What Affects the Cost of a Home Inspection?

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Milagros Lagares

Subject: Home Inspection

A real estate person recommend us a home inspector to do a home inspection of a home that we were thinking of buying. He only took 23 minutes to complete the home inspection. I know it has to be 3 or more hours to do home inspection. My husband paid $480.00 for his job. I think we were robbed blind. How can I get my money back or what do you recommend we do?

Edie Sherwood

Subject: Home Inspection

I'm so sorry to hear that! First, let me ask, you said he only took 23 minutes to complete the inspection, but you didn't say if you found any items the Inspector missed after the purchase. Were there items you believe he/she should have seen?

If there were, you should first determine if your state requires a license to be a home inspector. If there is an agency governing home inspector licenses, you can contact them to see what procedures are in place to help settle disputes with their inspectors. Another option is to find out if your home inspector belongs to a professional organization, like InterNachi, ASHI, or the like. They also have procedures to handle this type of situation.

If there were no items in dispute, you should call your inspector to ask these questions of him/her (cost of inspection, time spent on the inspection, etc.) It may be that he or she arrived earlier than planned and got a head start, but you never know until you ask.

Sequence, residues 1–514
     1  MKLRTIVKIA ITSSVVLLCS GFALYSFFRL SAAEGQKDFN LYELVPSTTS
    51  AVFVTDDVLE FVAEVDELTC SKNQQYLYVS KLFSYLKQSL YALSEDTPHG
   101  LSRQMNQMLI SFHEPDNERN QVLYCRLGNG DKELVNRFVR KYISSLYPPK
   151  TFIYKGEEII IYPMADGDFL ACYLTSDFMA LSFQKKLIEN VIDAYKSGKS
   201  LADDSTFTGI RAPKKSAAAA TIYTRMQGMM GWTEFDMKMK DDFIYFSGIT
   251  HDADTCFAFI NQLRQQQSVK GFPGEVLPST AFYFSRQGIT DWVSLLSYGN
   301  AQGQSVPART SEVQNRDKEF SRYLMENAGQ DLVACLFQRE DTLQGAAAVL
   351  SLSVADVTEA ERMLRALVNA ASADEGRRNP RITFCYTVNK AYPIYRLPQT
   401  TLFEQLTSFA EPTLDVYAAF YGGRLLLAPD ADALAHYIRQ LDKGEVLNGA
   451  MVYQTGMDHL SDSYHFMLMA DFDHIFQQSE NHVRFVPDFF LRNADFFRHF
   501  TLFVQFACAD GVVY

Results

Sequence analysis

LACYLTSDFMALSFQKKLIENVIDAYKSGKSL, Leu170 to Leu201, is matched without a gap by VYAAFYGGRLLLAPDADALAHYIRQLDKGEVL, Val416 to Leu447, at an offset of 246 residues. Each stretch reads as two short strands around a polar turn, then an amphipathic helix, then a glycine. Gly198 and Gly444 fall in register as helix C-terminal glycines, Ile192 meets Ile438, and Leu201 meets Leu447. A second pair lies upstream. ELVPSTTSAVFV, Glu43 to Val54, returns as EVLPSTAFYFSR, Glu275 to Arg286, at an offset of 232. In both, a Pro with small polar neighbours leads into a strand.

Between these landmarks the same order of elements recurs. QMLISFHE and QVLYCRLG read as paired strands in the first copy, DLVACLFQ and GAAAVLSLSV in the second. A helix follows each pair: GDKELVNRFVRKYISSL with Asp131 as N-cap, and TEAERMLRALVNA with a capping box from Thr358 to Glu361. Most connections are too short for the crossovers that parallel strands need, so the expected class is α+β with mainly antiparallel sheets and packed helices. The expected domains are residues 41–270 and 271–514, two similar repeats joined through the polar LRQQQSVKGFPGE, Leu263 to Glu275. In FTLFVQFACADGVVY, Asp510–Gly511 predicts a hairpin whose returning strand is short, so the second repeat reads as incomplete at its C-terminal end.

I hope this has given you a starting point to help resolve the situation. Good luck!

Deanna

Subject: home inspection

We recently bought another home and we are not sure if we want to rent or sell the old property. When do we need a home inspection?

EDIE SHERWOOD

Subject: Home Inspection

A pre-market home inspection can give you peace of mind either way. It will give you a good idea of the areas of the house that need some attention. That way, if you decide to list the house, you will know what a home inspector is likely to find and can diffuse potential problems by addressing them in advance. If you decide to rent the property, you can be more familiar with what maintenance you'll be looking at long term.

Edward Robinson

Subject: When to Inspect

You should inspect to obtain information you wish to receive and define the scope for the inspection accordingly. If you are selling having specific concerns addressed such as the condition of the foundation, structure, or roof can be an effective way at putting buyers at ease or determine what you need to address to get top dollar. If you are looking to rent having an assessment of the general condition of the property can help you put together a maintenance program to care for the building. Some engineering consultants can even put together a reserve study to help you accomplish this. If your concerns are specifically related to the structure or foundation you should strongly consider hiring an engineer licensed in your state. The National Academy of Building Inspection Engineers (http://www.nabie.org) is a good starting point resource.

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I second the original question (still unanswered). Speaking as someone who logged in today to try to find an attorney, I see this category as one that's exactly what I have my Angie's List membership for: